Responding to Michael Happy:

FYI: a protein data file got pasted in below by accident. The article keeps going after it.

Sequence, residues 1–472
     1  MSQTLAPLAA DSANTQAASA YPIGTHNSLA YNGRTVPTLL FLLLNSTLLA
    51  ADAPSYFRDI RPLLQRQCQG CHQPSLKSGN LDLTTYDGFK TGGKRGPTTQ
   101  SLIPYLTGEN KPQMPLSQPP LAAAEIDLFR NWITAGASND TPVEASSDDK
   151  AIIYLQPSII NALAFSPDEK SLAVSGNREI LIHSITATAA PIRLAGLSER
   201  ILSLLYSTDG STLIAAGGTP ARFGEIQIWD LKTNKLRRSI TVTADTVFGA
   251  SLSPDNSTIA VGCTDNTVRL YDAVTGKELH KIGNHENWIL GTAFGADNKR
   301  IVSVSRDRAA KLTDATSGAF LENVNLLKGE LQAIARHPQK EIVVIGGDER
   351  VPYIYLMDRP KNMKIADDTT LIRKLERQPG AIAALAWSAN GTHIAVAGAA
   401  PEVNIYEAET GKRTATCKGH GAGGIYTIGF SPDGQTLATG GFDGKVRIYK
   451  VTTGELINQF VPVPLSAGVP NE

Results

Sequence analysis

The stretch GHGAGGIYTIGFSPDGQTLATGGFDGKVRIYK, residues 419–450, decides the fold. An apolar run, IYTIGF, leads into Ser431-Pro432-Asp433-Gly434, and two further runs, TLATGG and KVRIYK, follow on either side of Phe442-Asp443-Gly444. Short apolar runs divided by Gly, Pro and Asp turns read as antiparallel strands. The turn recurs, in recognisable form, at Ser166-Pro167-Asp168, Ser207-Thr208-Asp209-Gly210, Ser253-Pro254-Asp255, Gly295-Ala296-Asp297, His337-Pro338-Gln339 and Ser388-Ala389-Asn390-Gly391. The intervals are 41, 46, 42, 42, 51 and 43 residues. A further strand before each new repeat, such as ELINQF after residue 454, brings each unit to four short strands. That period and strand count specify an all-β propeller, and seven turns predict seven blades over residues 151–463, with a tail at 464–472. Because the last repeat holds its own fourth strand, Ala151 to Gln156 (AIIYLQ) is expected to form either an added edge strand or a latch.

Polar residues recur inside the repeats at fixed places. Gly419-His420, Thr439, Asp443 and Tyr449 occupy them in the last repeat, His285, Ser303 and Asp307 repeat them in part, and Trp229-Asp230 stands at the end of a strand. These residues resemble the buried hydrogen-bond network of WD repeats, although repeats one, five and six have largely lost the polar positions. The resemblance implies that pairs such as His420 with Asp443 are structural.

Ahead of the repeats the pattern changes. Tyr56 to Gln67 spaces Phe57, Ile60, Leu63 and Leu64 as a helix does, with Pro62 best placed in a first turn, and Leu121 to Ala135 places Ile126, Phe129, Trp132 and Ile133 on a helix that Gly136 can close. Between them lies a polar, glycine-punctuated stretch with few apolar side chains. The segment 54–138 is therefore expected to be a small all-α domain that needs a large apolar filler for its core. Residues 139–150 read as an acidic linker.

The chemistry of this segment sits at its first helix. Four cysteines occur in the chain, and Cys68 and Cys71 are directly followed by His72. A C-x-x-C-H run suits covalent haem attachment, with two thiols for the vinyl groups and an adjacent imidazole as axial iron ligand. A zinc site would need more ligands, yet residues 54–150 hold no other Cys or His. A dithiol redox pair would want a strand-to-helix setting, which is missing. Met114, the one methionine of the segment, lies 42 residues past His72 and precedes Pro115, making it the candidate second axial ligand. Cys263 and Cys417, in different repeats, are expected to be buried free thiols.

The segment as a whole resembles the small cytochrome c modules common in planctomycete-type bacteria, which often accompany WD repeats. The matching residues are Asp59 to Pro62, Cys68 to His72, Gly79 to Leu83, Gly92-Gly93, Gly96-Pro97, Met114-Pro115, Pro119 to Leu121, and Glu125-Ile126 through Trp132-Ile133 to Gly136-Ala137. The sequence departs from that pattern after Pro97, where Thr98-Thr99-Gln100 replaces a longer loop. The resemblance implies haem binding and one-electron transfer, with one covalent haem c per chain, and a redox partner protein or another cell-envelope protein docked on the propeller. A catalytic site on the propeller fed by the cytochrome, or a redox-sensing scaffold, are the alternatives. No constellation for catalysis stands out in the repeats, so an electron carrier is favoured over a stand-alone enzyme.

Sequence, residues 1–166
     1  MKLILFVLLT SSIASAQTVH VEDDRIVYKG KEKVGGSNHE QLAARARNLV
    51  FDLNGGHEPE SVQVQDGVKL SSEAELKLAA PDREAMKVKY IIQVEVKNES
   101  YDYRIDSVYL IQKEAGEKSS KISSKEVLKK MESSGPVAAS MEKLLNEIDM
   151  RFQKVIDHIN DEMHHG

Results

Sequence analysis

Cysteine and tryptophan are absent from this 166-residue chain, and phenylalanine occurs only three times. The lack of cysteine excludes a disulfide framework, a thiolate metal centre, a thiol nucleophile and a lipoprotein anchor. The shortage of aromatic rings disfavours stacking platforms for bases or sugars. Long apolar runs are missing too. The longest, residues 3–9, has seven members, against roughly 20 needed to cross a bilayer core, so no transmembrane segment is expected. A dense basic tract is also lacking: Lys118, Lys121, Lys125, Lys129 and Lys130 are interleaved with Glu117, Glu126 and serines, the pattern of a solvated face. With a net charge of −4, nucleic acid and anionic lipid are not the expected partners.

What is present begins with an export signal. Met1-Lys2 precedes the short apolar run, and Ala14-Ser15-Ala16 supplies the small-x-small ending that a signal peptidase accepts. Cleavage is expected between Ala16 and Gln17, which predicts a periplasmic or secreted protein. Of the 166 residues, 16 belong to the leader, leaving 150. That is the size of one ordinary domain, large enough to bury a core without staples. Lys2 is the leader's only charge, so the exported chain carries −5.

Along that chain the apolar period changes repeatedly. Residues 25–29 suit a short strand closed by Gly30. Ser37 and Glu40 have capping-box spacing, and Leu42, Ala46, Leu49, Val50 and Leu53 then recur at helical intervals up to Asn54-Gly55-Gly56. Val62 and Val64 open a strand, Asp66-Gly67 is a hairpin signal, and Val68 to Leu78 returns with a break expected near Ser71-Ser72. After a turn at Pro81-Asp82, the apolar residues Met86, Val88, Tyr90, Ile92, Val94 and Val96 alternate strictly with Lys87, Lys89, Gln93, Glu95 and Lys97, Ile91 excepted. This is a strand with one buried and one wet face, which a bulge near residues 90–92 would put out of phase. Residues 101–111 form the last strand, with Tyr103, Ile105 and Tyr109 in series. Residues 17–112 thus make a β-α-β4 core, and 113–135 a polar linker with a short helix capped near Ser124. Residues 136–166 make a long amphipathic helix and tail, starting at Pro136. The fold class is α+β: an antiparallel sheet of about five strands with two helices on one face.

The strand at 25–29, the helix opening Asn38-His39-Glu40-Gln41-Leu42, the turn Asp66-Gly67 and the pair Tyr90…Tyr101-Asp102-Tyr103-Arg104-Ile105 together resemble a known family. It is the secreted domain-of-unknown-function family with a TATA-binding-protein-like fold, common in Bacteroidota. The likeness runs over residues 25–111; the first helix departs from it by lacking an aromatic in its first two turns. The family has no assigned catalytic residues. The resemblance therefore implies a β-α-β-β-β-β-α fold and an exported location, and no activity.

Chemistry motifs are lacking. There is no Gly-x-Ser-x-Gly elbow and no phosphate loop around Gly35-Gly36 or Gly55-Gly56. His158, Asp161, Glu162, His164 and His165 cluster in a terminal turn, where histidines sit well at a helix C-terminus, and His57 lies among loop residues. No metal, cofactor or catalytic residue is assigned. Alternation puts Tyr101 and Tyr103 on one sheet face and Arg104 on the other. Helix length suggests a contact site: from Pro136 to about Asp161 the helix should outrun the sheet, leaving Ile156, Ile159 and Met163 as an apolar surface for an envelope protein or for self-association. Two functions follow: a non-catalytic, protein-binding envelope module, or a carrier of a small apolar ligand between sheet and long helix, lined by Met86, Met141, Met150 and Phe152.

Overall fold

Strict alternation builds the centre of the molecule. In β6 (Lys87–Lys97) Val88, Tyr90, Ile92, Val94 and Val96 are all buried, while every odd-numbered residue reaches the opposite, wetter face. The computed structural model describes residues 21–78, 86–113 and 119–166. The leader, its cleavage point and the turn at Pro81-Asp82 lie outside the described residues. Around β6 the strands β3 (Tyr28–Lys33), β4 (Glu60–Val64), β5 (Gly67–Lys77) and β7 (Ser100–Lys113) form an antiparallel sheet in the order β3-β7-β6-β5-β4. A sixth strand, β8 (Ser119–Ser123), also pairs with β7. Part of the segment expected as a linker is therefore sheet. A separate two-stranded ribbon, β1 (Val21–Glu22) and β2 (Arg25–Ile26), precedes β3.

It’s not so clear to me that Frye has been “excluded from” critical discourse or that he has been “effectively excised from the critical canon.” He still makes his way into the anthologies of criticism. His books continue to be translated abroad (115 translations in 25 languages). Students continue to write dissertations and theses about his work: there are 229 doctoral dissertations in which Frye’s work figures importantly, 194 of which have been written since 1980. And people continue to write essays and books about his work. There are 42 books devoted to their entirety to Frye, seventeen of which have been written in this century (thirty have appeared since 1990). In Northrop Frye: An Annotated Bibliography (1987), I listed 588 essays and book chapters devoted to Frye, covering the first fifty six years of his writing career. Since that time another 1320 have appeared. In other words, 56% the essays about Frye have appeared during the past twenty two years. The Great Code, written after the alleged Golden Age, elicited 189 reviews. Somebody out there is reading Frye.